The fungicides include didecyldimethyl ammonium chloride, 3-iodo-2-propynyl butyl carbamate, azaconazole, borax and 2-(thiocyanomethylthio) benzthiazole. have fun looking those up. Borax is a common bug poison.
I suppose you could forego the treatmemt by buying at a small sawmill but some fungi in wood can be quite harmful and is the reason they treat.
Fourth, natural woods outgas all sorts of toxic substances as a product of processing and decay. Certain woods outgas formaldehyde and harmful resins, benzines, and even cyanide. I didn’t know until I moved to the pacific NW that I am allergic to the outgas products of Western red Cedar ( resins, formaldehyde and cyanide) and Hemlock ( fungi from the tree, not the toxic parsnip-like plant.) Both are quite common woods out here. Check a wood databases or google for the wood you contemplate using. Some woods also contain high silica content so breathing in dust from them is quite harmful.
The hazards for harm from the product worked with power tools, for example, are more recognized than they were.
Of particular concern for toxicity are most cedars, maples, acacia, and walnut. Of course pines affect some people. Laurel and Black Cherry can emit cyanide and cherry is my favorite wood. I use them all anyway. Ventilate and wear a mask if you make dust.
I’m not saying your concern is groundless and that you don’t have a sensitivity above normal, everybody is affected by formaldehyde at some level. But all wood processing and use has its risks. It is more complicated than you stated.4 October 2019 at 5:26 pm #614877joeleonettiParticipant
I am sorry to hear that you have allergies. I’m a Ph.D. chemist (not a medical doctor). In graduate school in the early 1990s, the common practice where I was (California, USA) was to be careful with formaldehyde. We were told it was carcinogenic. Better safe than sorry was my approach.
For my personal homes, I haven’t worried too much about what is in it as they were for the most part a decade old so I assumed whatever initial outgassing had occurred and whatever was still occurring would be at a reduced level. If I were building new, I would probably look for things that were formaldehyde free.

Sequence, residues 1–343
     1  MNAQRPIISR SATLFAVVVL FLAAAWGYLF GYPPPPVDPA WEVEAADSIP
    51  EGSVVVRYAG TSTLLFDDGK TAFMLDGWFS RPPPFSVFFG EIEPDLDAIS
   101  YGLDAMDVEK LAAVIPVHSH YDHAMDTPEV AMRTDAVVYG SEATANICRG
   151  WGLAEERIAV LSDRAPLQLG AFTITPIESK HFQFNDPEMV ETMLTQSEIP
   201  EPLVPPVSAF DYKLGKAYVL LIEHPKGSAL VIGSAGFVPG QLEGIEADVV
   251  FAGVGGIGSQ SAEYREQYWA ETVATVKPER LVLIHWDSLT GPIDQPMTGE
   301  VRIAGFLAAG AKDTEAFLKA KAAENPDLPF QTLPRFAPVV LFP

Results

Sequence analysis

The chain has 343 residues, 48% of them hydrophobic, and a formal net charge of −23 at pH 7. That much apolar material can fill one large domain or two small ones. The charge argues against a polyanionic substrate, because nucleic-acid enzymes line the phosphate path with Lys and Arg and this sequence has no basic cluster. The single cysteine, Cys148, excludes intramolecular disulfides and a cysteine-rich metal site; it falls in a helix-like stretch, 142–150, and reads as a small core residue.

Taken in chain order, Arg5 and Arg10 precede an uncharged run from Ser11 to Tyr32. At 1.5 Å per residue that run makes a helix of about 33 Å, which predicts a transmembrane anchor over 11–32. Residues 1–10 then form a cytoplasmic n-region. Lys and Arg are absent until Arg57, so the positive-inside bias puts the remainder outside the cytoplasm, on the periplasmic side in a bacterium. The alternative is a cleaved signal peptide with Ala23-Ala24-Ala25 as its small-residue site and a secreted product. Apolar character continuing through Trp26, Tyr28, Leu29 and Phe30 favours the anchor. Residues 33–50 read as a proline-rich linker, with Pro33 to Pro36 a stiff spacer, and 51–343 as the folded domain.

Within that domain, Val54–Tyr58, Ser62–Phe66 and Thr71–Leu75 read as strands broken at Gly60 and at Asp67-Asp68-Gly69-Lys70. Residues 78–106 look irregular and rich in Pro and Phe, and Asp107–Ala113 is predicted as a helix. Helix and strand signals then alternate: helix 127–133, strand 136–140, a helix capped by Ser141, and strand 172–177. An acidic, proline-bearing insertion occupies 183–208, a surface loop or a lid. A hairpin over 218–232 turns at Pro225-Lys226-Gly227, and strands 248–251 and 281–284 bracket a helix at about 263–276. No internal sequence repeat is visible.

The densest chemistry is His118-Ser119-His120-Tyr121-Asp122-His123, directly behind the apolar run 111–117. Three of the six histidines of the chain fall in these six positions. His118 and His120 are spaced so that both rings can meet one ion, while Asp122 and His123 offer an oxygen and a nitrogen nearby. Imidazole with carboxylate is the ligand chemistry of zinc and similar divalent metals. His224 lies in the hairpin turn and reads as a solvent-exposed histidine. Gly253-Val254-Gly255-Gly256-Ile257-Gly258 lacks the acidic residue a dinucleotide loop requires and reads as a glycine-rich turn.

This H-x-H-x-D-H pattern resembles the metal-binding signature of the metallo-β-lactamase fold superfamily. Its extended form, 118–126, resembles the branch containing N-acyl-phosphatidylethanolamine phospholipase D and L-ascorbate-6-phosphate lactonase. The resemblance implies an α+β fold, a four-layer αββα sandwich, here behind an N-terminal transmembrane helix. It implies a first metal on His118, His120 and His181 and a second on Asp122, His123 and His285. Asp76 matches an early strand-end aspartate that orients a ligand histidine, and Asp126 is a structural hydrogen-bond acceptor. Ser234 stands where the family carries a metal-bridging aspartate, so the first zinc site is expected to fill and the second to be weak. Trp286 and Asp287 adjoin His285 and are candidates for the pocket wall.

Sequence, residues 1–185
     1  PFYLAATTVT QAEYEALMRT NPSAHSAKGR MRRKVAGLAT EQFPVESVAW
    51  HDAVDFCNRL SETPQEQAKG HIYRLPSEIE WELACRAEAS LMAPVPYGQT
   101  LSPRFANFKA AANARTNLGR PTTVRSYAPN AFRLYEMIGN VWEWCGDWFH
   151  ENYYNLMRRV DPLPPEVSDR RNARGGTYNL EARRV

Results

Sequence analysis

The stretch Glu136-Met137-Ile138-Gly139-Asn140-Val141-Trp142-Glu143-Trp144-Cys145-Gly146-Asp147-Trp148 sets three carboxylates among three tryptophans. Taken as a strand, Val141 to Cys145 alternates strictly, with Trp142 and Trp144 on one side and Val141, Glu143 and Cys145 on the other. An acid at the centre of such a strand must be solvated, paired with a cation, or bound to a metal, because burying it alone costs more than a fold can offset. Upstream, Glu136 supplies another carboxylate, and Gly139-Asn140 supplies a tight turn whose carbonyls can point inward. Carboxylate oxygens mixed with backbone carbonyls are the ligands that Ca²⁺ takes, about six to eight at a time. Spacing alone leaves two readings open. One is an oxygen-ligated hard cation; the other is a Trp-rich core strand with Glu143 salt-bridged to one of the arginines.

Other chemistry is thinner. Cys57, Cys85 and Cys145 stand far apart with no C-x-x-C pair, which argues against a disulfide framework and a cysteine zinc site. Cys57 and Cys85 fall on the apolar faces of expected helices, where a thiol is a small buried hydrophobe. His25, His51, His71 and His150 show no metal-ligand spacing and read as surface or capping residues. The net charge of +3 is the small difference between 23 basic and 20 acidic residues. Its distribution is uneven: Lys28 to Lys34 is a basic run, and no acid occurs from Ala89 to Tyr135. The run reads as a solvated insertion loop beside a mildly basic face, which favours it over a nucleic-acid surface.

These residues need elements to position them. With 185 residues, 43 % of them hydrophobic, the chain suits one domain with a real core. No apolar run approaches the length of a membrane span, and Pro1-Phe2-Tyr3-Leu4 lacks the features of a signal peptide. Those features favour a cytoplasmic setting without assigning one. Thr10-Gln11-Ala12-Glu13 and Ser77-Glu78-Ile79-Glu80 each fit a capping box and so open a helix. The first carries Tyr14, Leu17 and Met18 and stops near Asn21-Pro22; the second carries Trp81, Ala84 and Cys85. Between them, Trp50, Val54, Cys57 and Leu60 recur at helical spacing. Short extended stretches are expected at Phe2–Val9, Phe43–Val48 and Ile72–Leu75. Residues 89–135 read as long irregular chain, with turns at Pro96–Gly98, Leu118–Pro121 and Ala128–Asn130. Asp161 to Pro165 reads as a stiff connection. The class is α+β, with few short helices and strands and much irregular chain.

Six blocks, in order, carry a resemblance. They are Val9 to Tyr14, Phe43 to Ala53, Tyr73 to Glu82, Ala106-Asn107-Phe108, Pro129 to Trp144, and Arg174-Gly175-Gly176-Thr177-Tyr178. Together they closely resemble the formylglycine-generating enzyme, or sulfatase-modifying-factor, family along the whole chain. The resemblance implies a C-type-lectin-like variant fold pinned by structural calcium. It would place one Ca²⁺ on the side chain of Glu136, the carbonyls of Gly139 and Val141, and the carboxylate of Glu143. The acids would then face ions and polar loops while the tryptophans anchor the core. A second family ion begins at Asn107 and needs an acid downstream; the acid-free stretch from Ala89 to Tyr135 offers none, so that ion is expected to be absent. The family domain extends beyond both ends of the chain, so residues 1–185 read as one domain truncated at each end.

I try and be pragmatic to solve problems such as you mentioned. If you are comfortable inside your home without allergies, I might look into using materials that match your home. If you are having allergies/issues with what is inside your home, I would look at brick/concrete blocks, or maybe some of that thin steel material they use to build interior walls of high rise buildings. I think there also products called Hardiboard in the USA that is some sort of fiberboard cement. Just options to explore. Good luck.5 October 2019 at 11:28 pm #615308Sven-Olof JanssonParticipant
@Zeppos kindly provided a link to the evidence behind his concerns, and as US federal authorities and agencies often are quite transparent on the backgrounds to their conclusions (FDA being positively outstanding when compared to its European counterpart), one can evaluate the robustness of the data behind the conclusions drawn by the National Cancer Institute on the carcinogenic potential of formaldehyde: and conclude that it is weak.
London, UK; Boston, MA